Sun-kissed Florida, long a magnet for retirees and beach lovers, last year saw its population shrink for the first time in more than 60 years, after being battered by the global economic crisis, a report said on Tuesday.
In the year to April 2009, the number of residents shrunk by 58,294, largely due to a collapse in the local real estate sector, a report from the University of Florida said.
It is the first time the population of the "Sunshine State" has dropped since 1946, when troops left after the end of World War II.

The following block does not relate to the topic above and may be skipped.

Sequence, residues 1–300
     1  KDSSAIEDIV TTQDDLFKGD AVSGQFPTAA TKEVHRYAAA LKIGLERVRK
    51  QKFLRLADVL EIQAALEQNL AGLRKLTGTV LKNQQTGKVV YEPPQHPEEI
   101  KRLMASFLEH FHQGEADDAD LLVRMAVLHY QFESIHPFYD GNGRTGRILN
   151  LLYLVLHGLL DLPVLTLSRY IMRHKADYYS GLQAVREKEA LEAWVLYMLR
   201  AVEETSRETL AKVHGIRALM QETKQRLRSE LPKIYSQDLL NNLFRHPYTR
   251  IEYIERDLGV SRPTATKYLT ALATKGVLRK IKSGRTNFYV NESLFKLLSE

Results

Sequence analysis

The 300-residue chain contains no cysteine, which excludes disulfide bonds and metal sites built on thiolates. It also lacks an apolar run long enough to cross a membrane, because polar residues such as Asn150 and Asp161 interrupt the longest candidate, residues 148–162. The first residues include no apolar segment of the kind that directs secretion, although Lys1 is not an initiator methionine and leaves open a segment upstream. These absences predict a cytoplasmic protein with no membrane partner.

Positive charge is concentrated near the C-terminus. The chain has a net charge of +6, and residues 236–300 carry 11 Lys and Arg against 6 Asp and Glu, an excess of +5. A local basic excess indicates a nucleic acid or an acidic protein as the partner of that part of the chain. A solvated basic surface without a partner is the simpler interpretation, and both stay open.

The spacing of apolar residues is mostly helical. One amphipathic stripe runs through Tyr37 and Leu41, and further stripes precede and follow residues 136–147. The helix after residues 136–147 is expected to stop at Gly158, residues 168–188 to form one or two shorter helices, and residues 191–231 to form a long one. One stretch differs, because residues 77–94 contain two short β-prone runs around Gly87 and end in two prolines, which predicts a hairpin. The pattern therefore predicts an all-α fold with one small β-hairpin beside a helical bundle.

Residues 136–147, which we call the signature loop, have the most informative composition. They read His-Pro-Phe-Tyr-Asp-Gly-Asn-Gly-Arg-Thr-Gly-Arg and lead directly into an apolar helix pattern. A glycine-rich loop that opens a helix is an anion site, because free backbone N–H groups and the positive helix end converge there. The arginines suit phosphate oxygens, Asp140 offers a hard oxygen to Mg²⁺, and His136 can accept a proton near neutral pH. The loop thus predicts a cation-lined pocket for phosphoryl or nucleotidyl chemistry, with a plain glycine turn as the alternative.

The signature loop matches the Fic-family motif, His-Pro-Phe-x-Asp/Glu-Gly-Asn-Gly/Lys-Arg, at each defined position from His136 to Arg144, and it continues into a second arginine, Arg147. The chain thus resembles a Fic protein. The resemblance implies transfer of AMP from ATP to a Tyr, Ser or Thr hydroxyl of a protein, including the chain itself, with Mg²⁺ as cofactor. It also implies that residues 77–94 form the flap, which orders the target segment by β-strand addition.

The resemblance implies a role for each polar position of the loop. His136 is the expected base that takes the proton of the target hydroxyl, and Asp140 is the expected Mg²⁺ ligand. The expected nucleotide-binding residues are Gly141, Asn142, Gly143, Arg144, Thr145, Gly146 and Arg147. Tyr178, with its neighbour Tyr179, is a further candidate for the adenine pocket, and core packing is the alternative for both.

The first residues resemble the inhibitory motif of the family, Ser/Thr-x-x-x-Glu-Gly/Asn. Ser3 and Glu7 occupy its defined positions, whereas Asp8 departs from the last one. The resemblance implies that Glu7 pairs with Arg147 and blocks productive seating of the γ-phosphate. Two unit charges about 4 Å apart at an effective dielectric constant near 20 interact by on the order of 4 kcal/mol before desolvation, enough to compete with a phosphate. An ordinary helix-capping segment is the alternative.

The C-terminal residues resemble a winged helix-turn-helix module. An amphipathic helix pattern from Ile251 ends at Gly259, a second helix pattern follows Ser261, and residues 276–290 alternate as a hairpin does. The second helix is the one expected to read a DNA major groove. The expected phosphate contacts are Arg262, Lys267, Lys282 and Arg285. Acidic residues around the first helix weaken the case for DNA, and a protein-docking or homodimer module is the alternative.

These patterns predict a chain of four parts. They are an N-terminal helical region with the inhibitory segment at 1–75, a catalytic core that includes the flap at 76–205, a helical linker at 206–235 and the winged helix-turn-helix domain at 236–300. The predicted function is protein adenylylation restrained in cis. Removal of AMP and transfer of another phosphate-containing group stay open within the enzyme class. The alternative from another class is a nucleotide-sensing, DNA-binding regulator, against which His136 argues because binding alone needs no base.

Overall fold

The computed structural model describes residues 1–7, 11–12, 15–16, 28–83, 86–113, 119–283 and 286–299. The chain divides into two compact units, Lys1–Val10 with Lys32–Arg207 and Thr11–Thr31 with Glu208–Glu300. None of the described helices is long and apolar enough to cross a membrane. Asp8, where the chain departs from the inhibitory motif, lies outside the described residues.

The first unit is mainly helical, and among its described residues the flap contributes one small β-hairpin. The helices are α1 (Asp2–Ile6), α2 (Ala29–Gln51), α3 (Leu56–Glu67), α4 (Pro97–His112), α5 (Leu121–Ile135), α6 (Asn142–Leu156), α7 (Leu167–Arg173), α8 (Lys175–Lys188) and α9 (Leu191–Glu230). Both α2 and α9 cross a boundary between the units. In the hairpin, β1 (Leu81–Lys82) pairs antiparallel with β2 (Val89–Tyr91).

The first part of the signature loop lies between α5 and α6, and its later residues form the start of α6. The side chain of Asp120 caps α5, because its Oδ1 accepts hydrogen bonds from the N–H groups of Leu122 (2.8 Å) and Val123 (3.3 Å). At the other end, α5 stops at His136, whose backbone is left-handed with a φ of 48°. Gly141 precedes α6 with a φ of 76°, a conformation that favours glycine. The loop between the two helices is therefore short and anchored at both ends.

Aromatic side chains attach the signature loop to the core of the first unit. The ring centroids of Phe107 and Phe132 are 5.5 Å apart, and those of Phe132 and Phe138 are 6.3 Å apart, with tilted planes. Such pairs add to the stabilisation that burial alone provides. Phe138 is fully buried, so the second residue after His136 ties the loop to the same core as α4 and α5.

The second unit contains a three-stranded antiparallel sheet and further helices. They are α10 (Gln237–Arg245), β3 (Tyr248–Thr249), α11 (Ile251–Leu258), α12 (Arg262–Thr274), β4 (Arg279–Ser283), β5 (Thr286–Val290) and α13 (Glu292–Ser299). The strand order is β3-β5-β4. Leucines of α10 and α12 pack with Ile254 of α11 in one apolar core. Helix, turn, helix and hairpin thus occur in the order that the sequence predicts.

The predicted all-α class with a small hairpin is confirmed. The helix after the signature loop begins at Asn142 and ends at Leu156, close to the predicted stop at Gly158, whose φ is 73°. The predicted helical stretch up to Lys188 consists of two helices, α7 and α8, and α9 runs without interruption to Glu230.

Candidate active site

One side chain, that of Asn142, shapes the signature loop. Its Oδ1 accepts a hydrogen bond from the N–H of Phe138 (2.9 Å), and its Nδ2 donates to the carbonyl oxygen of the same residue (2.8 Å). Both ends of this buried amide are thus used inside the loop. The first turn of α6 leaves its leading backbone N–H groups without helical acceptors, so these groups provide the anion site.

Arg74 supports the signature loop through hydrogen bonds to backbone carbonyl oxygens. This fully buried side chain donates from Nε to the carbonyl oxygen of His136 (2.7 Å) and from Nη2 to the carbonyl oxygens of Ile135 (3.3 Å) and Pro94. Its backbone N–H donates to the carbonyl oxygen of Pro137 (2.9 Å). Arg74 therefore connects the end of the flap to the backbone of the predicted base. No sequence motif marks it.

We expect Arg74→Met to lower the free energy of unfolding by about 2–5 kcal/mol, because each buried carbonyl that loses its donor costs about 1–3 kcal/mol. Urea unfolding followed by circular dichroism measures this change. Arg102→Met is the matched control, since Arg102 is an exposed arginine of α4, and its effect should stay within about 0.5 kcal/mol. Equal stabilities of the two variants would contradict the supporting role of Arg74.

"The population decline is really a reflection of how severe the national recession has been," said the university's Stan Smith, who led the research.
"Traditionally, Florida's growth has been spurred by both a booming economy and a booming housing market, and both have seen substantial losses over the last couple of years."
In February, US President Barack Obama selected Fort Myers, Florida, the epicenter of the mortgage foreclosure crisis, to highlight his government's response.
"This reflects a very abrupt change from three or four years ago, when Florida was experiencing some of its largest population increases ever," said Smith predicting long-term population growth would eventually return.